Therefore, our preliminary findings indicate that in the present case, dominance in one market is used to create an advantage in a related market. The advantage in the related market does not appear to reflect the merits of Google’s comparison shopping service, but rather results from Google using its considerable power on the market in which it is dominant.

Our preliminary view is that to remedy this conduct, Google should treat its own comparison shopping service the same way in its general search results as its rivals. To be clear, we would not want to interfere with Google’s design choices or how its algorithms work. Rather, the purpose of such a potential remedy would be to ensure that consumers see the best comparison shopping results. They should not just be shown Google's own shopping results, if they are not the most relevant response to a particular query.

Today’s Statement of Objections focuses on comparison shopping because that is the area where Google has been favouring its products in its search results for the longest period. However, we continue to look at the ways in which Google may also favour its other specialised search services. If an infringement is proven, a case focusing on comparison shopping could potentially establish a broader precedent for enforcing EU competition rules in other instances of Google favouring its own services over competing services.

The Commission has previously also expressed three other concerns as regards Google’s conduct, namely its copying of rivals’ web content (known as 'scraping'), exclusivity in its agreements with advertising partners and undue restrictions of advertisers' ability to use competing advertising platforms. We will continue our investigations into these concerns.

The Android investigation

As I mentioned, we are also launching a separate in-depth investigation regarding Android.

In recent years, smartphones and tablets have changed the way that consumers access the internet and the way that many companies do business. Mobile internet usage is growing rapidly and there is no reason to think that this will change in the coming years. I want consumers to benefit from the broadest range of mobile services and innovation in the sector.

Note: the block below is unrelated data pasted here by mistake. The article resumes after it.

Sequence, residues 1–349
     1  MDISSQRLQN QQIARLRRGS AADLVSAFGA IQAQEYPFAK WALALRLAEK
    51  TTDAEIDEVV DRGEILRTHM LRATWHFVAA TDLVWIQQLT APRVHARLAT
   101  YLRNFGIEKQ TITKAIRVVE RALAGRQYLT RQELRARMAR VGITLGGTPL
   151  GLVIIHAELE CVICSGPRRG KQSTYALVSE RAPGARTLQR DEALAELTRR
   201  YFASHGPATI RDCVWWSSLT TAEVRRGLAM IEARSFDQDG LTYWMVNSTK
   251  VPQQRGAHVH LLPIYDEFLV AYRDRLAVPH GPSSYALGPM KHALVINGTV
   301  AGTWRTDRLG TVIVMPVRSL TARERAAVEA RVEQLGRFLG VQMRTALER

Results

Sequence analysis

The Commission has received complaints and also carried out an initial investigation on its own initiative. Today's launch of an in-depth investigation will give us the opportunity to examine in detail the allegations raised, in particular as regards three concerns:

  • We will look into Google allegedly requiring or incentivising smartphone and tablet manufacturers to exclusively pre-install Google’s own applications or services, in particular Google’s search engine;
  • We will look at the alleged bundling together of certain Google products with other apps and services;
  • We will investigate if Google is hindering the ability of manufacturers of smartphones or tablets, who want to use the Android operating system, from being able to use and develop other open-source versions of Android (so-called “Android forks”).

These are issues distinct from the Google comparison shopping case, and their investigation will be separate.


Of course, there is great public interest in the Google antitrust cases because it affects so many people and companies. It is a great responsibility to be in charge of these investigations, and I can assure you that I am taking this very seriously. Needless to say, competition investigations are independent from politics and commercial interests. We will be exclusively guided by the facts, the evidence and by the EU's antitrust rules.